Roy Bennett, a white former coffee farmer whose land was confiscated by the Mugabe government, is the treasurer for the Movement for Democratic Change (MDC) and a top aid to Prime Minister Morgan Tsvangirai, the party's leader and Mugabe's chief domestic rival. On Wednesday he was ordered to prison to face trial on eight-month old charges of terrorism, insurgency, sabotage and banditry. A guilty verdict would carry a life sentence. No trial date has been set.
Mr. Bennett's detention is unlikely to cause a rupture in the power-sharing agreement between Mugabe's long-ruling ZANU-PF party and his bitter rivals in the Movement for Democratic Change, who won control of parliament in March 2008 elections. MDC insiders say that most members are advising their leaders to "stick it out" and to use their current powers to improve civil rights protection and make economic reforms.
But as the ZANU-PF continues to harass MDC supporters, arrest journalists and human rights activists, and prosecute political enemies like Bennett, pressure is growing within the MDC to either push back harder against Mugabe or pull out of the unity government altogether.
"The bigger problem is that the MDC is in the inclusive government, and they walked into the agreement, knowing full well that the courts were controlled left, right, and center by ZANU-PF," says Ozias Tungwarara, a political analyst at the Open Society Institute in Johannesburg. "Their assumption on joining the unity government was that they could bring back the rule of law little by little, but that has definitely not happened. Now, they face a tough decision: pull out, or come out fighting for their principles."
Bennett – who is also a designated deputy minister for agriculture – was first arrested in February, when other members of his party were sworn in as ministers in the government of national unity. For much of the past eight months Bennett has been out on bail but Mugabe has steadfastly refused to swear him into office, saying that Bennett's court process must "take its course."
The detention of Bennett is yet another sign of trouble within the power-sharing agreement between MDC and Mugabe's party, and some MDC hardliners see it as a sign of bad faith.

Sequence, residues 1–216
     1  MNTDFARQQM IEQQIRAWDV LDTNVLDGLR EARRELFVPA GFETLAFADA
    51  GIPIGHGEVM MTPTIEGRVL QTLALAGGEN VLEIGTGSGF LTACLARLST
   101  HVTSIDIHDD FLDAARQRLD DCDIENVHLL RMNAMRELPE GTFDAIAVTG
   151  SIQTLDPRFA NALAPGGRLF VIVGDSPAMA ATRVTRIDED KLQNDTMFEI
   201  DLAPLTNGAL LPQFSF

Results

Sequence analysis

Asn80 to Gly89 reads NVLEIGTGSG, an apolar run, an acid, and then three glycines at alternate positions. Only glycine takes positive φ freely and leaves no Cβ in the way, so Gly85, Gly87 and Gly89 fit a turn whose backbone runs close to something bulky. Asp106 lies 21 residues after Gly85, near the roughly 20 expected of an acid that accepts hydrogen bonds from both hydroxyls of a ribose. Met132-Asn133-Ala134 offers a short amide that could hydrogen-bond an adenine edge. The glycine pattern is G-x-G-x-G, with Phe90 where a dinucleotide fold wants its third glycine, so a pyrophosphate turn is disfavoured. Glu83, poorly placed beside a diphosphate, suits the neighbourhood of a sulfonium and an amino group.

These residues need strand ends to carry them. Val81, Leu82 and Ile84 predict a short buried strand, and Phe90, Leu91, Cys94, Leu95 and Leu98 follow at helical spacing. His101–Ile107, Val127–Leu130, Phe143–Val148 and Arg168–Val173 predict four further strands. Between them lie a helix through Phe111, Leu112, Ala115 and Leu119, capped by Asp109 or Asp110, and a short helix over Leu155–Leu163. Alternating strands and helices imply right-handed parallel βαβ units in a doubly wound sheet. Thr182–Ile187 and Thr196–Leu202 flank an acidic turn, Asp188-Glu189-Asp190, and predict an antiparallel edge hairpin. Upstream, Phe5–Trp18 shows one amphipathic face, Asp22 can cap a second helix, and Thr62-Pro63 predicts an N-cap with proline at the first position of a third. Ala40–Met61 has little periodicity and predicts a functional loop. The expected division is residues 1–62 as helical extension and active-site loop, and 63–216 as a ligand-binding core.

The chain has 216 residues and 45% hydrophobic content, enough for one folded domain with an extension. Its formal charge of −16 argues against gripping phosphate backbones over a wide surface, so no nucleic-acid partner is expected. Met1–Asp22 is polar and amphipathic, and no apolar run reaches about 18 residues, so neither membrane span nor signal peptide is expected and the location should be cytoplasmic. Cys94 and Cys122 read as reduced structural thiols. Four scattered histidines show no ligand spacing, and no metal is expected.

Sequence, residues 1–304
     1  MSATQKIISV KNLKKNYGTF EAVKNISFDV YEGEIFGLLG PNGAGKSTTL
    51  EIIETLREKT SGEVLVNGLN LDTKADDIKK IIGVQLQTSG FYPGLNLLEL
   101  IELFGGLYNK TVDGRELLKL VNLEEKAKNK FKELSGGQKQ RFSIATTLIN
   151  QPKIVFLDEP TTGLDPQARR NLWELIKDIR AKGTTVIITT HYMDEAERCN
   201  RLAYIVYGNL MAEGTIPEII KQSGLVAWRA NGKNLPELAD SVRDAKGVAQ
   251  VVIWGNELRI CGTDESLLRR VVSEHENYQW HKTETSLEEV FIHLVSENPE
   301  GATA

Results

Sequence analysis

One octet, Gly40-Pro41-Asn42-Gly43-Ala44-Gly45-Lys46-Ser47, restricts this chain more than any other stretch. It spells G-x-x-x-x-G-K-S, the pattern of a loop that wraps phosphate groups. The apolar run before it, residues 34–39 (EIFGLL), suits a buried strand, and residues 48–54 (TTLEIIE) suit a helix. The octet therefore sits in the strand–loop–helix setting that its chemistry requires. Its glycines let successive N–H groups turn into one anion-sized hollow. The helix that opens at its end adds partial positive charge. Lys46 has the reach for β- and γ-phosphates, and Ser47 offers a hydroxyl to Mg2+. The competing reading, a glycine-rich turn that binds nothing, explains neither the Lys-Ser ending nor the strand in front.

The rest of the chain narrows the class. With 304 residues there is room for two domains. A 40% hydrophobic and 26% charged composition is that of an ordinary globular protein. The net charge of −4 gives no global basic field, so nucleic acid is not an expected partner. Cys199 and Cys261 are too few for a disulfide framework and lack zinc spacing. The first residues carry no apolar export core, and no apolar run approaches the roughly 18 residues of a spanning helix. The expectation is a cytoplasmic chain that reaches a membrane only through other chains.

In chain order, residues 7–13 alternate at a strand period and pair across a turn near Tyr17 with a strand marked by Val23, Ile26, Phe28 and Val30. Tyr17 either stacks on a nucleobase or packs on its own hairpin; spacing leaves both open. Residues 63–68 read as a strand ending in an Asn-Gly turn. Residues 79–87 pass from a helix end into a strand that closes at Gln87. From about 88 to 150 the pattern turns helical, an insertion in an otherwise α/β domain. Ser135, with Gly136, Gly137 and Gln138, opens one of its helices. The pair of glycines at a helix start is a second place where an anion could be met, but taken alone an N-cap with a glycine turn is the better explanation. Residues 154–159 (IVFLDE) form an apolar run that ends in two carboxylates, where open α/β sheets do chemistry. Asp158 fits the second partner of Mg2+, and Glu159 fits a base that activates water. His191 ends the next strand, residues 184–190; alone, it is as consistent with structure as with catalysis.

"This latest action is deliberately provocative, unnecessary and motivated by hatred of a personality (Bennett)," the MDC said in a statement. "The MDC takes this matter as a serious attack on the integrity and honesty of the party; it is not acceptable and will not be taken lightly."
Bennett's legal troubles with the Mugabe government go back at least as far as 2000, when he got into a shoving match during parliamentary debate in the legislative chambers in Harare. During debate in 2004 over the emotional issue of Mugabe's land-redistribution program – in which pro-Mugabe supporters forced some 4,000 white commercial farmers from their lands – Bennett pushed Justice Minister Patrick Chinamasa (a close advisor to Mugabe) to the ground, after Mr. Chinamasa called Bennett's ancestors "thieves and murderers."
In the current charges of terrorism, Bennett has been accused of paying Peter Hitschmann to buy grenades, rifles and other weapons, to attack cell-phone towers, and to carry out attacks against Zimbabwe police. Bennett denies those charges, but sought exile in South Africa two years ago because he lacked confidence in Zimbabwe's legal system.
The Bennett detention has already raised tensions between MDC and ZANU-PF.
On hearing of Bennett's detention, Prime Minister Tsvangirai suspended all further meetings with the ZANU PF members of the coalition government, pending consultation with MDC members on the next step. MDC insiders suggest that opinion is divided, although there appear to be more members urging Tsvangirai to "stick it out until the MDC has accomplished what it joined the government to do," as one party leader put it.